If you've not noticed the face-lift on Clark Public Utilities website, it's time to check it out. The look is new but all the information is in the same place, so if you're looking to make changes at home this year, it's easy for you to find out more about 2014 incentives.
While most incentives will remain at the same levels for 2014, there are a couple small changes. There is a new heat pump water heater incentive for 2014, and a new standard that tightens energy efficiencies on appliances.
"Energy-saving incentives offered by utilities, state and federal government are intended to open new markets and encourage people to adopt energy efficient technologies," said Matthew Babbitts, residential program manager for Clark Public Utilities. "When our customers see an incentive decrease, that's a signal the technology is moving into the mainstream."
The ductless heat pump is an example of technology acceptance. Last year, consumers in the region had more than 20,000 of them installed in the Northwest, up from 9,000 in 2009. Owners dependent on cable-ceiling heat, baseboards or wall heaters currently get $1,000 back for installing ductless heat pumps. Beginning March 3, the rebate will drop by $250.
If you want to gain the $1,000 rebate, move quickly before it's just $750. You can find all current rebates offered by visiting www.clarkpublicutilities.com/index.cfm/your-home/conservation/rebates or by downloading the latest conservation incentives fact sheet from the website. You can always call the energy counselor of the day at 360-992-3355 with any rebate question.
"Because most appliance manufacturers are now meeting Energy Star standards, the Consortium for Energy Efficiency has created three new efficiency tiers," said Babbitts. Energy Star is basically tier I. Tier II and III have more stringent energy savings specifications." For information on the new standard, go to the CEE website at www.cee1.org/content/cee-tiers-and-energy-star to see how Energy Star and CEE work in tandem.
The tier levels may sound confusing, but Babbitts said that participating Clark County appliance retailers understand the utility's requirements for rebates and can help shoppers. They know customers can receive an immediate $25 back at the register when buying a qualifying refrigerator or freezer. If you recycle your old fridge or freezer after purchasing a new one, you can get another $30 off your utility bill when you arrange for Clark Public Utilities to haul it away for recycling.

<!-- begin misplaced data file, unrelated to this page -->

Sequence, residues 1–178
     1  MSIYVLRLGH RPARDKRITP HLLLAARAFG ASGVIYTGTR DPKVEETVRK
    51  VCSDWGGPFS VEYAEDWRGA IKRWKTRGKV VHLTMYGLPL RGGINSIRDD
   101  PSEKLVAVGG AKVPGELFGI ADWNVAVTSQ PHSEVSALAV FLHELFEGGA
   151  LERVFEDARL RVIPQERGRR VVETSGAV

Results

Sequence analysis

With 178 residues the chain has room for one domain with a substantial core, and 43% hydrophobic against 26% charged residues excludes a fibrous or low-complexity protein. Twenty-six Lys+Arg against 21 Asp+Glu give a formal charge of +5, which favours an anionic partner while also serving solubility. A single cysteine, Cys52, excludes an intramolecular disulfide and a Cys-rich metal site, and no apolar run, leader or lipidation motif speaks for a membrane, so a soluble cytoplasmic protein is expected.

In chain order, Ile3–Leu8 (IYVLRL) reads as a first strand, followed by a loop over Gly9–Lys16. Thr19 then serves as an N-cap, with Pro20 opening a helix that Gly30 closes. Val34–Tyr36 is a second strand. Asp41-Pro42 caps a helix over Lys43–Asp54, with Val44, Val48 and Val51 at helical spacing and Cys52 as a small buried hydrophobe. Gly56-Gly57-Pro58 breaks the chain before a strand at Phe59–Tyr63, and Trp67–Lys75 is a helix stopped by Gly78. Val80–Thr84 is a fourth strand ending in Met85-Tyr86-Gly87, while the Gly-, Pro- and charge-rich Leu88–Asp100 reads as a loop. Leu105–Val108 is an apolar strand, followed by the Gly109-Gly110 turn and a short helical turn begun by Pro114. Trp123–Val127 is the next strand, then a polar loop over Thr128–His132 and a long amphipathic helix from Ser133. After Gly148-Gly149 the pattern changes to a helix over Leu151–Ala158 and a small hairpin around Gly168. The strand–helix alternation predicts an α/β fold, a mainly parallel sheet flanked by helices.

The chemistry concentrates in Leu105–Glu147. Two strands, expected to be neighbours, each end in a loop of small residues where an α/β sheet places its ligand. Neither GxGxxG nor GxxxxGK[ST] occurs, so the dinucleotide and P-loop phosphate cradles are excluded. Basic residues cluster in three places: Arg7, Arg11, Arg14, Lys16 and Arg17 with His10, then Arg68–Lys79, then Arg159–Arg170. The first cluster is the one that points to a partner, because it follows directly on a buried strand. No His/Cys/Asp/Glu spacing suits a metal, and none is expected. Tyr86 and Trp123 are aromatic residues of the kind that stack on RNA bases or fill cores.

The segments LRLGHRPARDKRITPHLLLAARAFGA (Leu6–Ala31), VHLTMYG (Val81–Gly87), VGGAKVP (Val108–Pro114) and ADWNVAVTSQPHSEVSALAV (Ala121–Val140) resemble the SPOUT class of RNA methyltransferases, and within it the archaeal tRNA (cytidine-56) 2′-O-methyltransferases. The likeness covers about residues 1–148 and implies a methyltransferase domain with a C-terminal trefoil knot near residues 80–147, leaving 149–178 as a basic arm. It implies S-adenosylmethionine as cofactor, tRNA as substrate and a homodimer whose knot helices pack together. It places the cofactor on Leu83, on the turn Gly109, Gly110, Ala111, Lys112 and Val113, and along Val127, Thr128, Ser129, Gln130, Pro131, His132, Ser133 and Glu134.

Buy a qualifying Energy Star clothes washer rated at an MEF (modified energy factor) 2.2 or better and get $50 back from participating Clark County retailers. A list of knowledgeable and qualified retailers is on the utility's website.
Homeowners with electric heat can receive $500 back after an approved contractor installs an energy-efficient heat pump or solar water heater. The site also lists utility-approved contractors for heat pump installation and weatherization. Homeowners get assurance of a job well done, because an independent third party randomly inspects each contractor's work.
Incentives are available for weatherization too. For floor, attic and wall insulation, you can receive 50 percent of the total cost, up to $400 for each space. Sealing heating ducts gets you a $500 rebate. Air sealing the envelope of your house can earn you a rebate as much as $100. New windows garner a rebate up to $500.
Energy adviser is written by Clark Public Utilities. Send questions to firstname.lastname@example.org or to Energy Adviser, c/o Clark Public Utilities, P.O. Box 8900, Vancouver, WA 98668.